So now that so many people are aware of my writing project, I am constantly hearing, “How is the book going? Have you sold it yet?” Somebody shoot me! Why did I do it? What was I thinking? Sure, I can look at it as a great motivator-a way to push me to keep sending out the queries. But in the long run, it’s just a reminder that I’m not quite there yet.

Of course, I’ve read the blogs and heard the tales from seasoned writers. They’ve said not to tell and I didn’t listen. Now I know and I’m here to help you. My advice, make sure you’re ready to tell everyone you’re writing a book. Make sure you’re ready to answer questions almost daily on how your writing is going, whether you are published, and what your book is about. Yes, it’s good practice to tell others what your book is about, but do you want to do it every day? Just be aware of the impact of that one, simple sentence.

Have you told? Are you going to tell? Or maybe the question is when will you tell?

RAOK Day 16, still going strong

It’s day 16 of the RAOK challenge. It’s become second nature to me now and I’m loving the wonderful feeling I get by helping others, giving things and essentially, just being nice. I’ve brought bread to a friend who hadn’t had it before (gluten-free and fabulous) driven my mom to her Dr. appt, therapy appt, Trader Joe’s, and more. So glad she’ll be able to drive at the end of the month, freeing me up to give to others now (sorry mom). I’ve made brownies and muffins, encouraged a friend, and even helped out my niece with her dog. It feels good to keep going. If you’ve signed on to the RAOK, don’t lose momentum, keep going. It gets easier as the month goes on, and it is a truly special way to be every day.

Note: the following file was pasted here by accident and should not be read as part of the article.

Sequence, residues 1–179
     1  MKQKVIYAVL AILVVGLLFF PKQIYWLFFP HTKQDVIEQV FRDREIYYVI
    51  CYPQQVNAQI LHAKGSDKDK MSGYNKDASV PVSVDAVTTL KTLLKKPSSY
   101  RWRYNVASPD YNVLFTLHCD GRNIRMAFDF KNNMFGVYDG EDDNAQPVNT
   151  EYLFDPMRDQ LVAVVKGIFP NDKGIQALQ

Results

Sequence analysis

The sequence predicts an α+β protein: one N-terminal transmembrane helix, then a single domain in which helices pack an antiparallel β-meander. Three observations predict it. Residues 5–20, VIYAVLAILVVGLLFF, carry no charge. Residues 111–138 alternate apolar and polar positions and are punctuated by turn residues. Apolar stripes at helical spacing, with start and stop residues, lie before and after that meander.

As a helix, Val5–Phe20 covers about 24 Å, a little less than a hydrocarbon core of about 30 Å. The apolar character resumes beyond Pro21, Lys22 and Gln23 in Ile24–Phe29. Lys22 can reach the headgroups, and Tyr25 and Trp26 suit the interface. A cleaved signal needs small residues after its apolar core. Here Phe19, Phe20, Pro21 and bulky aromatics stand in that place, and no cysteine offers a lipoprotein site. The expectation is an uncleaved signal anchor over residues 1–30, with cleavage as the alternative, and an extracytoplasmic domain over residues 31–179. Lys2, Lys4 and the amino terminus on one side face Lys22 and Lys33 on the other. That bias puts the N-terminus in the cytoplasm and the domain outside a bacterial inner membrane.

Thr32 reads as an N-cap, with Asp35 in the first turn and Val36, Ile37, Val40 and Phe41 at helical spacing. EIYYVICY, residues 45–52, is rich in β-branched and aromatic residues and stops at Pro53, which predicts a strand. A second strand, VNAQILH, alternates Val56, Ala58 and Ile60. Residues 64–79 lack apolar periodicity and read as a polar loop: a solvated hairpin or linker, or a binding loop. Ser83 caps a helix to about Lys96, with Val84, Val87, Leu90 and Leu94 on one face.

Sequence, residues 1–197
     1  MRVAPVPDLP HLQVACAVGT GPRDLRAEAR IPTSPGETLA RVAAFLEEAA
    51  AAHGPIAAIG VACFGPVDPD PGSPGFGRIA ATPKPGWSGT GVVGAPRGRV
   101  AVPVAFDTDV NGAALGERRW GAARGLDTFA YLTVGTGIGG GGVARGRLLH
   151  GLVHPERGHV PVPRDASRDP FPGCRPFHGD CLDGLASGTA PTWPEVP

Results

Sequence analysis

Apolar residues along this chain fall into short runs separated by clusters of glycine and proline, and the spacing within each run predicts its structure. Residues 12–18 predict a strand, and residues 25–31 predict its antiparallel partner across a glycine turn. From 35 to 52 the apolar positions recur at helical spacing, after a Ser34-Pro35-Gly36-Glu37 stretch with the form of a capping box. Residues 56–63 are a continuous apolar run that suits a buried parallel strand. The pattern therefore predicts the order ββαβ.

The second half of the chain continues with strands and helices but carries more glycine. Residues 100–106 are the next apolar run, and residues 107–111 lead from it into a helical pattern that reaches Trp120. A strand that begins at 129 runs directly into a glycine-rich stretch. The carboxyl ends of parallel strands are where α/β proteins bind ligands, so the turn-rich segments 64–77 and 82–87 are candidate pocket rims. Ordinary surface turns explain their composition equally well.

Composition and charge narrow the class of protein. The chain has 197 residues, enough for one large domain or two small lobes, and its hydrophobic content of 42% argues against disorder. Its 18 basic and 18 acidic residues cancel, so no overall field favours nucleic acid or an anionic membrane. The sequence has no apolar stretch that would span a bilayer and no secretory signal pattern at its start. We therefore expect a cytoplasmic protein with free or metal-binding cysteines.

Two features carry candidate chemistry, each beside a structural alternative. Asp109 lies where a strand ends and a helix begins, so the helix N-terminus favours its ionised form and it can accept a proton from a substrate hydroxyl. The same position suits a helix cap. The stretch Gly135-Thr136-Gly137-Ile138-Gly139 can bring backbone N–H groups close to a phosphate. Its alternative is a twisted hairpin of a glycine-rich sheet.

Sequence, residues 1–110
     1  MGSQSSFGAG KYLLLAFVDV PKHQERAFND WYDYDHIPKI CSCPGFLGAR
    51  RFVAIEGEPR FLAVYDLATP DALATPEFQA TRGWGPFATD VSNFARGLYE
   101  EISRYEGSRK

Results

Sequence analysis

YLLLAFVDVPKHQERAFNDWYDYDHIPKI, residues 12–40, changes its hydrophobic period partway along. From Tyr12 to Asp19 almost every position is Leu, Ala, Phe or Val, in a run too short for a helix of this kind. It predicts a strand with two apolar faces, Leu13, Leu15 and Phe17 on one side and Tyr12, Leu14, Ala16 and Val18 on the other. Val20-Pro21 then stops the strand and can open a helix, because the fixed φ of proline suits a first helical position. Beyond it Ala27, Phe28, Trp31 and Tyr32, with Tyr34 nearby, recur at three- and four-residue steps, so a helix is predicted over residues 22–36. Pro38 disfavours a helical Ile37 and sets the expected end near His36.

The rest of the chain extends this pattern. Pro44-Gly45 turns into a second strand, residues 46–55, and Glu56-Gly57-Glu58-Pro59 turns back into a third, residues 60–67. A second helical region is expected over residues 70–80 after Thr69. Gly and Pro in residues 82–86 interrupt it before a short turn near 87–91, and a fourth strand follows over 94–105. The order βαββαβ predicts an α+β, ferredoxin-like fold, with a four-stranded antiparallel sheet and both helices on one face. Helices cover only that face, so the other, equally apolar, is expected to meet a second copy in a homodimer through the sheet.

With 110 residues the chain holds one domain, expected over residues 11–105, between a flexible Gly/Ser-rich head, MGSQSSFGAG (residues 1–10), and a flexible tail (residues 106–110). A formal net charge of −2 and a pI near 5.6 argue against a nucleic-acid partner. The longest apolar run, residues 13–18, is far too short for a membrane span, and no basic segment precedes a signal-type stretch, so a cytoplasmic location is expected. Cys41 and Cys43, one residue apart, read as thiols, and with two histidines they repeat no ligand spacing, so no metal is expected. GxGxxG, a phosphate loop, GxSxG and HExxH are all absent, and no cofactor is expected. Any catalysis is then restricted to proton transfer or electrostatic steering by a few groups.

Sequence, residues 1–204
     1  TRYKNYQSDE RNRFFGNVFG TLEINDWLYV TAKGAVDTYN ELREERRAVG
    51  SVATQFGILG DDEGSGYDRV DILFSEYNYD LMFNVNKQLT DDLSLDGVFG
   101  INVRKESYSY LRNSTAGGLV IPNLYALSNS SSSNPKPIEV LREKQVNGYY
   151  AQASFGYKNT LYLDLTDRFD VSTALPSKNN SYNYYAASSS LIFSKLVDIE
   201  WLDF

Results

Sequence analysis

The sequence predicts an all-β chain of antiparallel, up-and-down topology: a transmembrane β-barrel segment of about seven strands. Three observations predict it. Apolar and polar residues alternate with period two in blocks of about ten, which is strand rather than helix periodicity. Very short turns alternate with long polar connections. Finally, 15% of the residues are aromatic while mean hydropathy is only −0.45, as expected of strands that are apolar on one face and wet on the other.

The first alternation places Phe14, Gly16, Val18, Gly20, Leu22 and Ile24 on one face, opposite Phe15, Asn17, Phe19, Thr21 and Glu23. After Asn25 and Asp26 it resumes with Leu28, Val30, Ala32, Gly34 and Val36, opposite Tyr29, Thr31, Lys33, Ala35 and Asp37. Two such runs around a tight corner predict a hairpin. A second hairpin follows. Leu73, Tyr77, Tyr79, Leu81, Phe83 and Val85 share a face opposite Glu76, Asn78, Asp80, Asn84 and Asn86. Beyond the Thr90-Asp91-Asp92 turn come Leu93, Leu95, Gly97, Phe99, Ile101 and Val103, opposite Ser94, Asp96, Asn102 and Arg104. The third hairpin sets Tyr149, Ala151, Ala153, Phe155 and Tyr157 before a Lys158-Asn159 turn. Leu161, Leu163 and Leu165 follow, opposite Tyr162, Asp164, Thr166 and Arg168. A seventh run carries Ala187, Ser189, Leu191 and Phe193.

I’ve noticed that my choices are different these days. While jockeying for a parking space, I give it up a lot quicker now and consider it my RAOK for the day. I let someone go ahead of me in the cashier’s line and consider that my RAOK. They may not even know it, but I don’t care. It makes me feel good and I know I’ve just done something good for no reason.